Pyocyanin degradation by a tautomerizing demethylase inhibits Pseudomonas aeruginosa biofilms

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Science  13 Jan 2017:
Vol. 355, Issue 6321, pp. 170-173
DOI: 10.1126/science.aag3180

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Redox metabolite role in biofilms

In the microbial world, the chemical diversity of secreted metabolites is vast, and their physiological roles are underexplored. Costa et al. studied the redox-active secondary metabolite pyocyanin, which is produced by the opportunistic pathogen Pseudomonas aeruginosa. Pyocyanin mediates the generation of thick biofilms containing extracellular DNA that are important in pathogenesis. The authors characterized the demethylase PodA, which catalyzes the conversion of pyocyanin to hydroxyphenazine and deranges biofilm formation. PodA could represent a therapeutic lead for intractable bacterial infections.

Science, this issue p. 170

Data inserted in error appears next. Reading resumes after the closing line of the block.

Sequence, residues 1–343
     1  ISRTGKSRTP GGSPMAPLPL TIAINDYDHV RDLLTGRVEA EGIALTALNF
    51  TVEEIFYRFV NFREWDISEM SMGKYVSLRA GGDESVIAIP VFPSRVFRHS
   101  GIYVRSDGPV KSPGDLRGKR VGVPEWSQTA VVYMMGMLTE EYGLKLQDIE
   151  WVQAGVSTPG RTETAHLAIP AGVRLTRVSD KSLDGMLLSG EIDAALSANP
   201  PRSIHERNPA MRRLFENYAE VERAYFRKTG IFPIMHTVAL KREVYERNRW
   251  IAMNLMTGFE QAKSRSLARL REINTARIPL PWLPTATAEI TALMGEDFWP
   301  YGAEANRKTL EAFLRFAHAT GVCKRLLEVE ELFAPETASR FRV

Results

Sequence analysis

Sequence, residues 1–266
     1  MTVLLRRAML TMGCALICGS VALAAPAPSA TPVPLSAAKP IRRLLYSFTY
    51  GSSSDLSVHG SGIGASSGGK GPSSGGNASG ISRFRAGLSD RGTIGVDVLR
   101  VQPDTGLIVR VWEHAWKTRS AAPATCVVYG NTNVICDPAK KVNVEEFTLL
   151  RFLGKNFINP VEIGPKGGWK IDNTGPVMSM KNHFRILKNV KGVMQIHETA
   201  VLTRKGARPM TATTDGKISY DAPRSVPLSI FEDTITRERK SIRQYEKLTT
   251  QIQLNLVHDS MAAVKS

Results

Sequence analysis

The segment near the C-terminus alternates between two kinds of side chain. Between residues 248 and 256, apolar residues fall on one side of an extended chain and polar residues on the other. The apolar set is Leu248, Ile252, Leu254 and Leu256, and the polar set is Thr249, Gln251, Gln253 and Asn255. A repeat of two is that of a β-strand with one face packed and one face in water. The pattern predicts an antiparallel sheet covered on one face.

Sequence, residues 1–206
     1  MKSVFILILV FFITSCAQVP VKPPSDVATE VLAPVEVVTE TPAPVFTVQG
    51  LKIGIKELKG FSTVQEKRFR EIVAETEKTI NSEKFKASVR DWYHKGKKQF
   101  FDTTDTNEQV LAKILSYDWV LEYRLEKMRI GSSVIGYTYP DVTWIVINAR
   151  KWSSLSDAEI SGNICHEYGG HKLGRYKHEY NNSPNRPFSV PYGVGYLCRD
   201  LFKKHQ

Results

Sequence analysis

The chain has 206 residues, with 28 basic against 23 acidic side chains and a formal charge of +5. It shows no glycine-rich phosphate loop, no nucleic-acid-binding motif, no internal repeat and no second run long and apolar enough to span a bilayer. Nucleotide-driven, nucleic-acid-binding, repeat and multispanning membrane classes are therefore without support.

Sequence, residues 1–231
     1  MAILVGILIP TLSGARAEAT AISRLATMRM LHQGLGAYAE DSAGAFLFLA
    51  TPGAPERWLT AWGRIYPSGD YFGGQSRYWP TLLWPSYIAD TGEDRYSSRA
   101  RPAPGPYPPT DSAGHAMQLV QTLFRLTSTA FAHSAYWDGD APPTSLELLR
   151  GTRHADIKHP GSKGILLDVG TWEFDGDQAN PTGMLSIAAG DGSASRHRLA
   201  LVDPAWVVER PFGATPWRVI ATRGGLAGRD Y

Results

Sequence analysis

The opportunistic pathogen Pseudomonas aeruginosa produces colorful redox-active metabolites called phenazines, which underpin biofilm development, virulence, and clinical outcomes. Although phenazines exist in many forms, the best studied is pyocyanin. Here, we describe pyocyanin demethylase (PodA), a hitherto uncharacterized protein that oxidizes the pyocyanin methyl group to formaldehyde and reduces the pyrazine ring via an unusual tautomerizing demethylation reaction. Treatment with PodA disrupts P. aeruginosa biofilm formation similarly to DNase, suggesting interference with the pyocyanin-dependent release of extracellular DNA into the matrix. PodA-dependent pyocyanin demethylation also restricts established biofilm aggregate populations experiencing anoxic conditions. Together, these results show that modulating extracellular redox-active metabolites can influence the fitness of a biofilm-forming microorganism.

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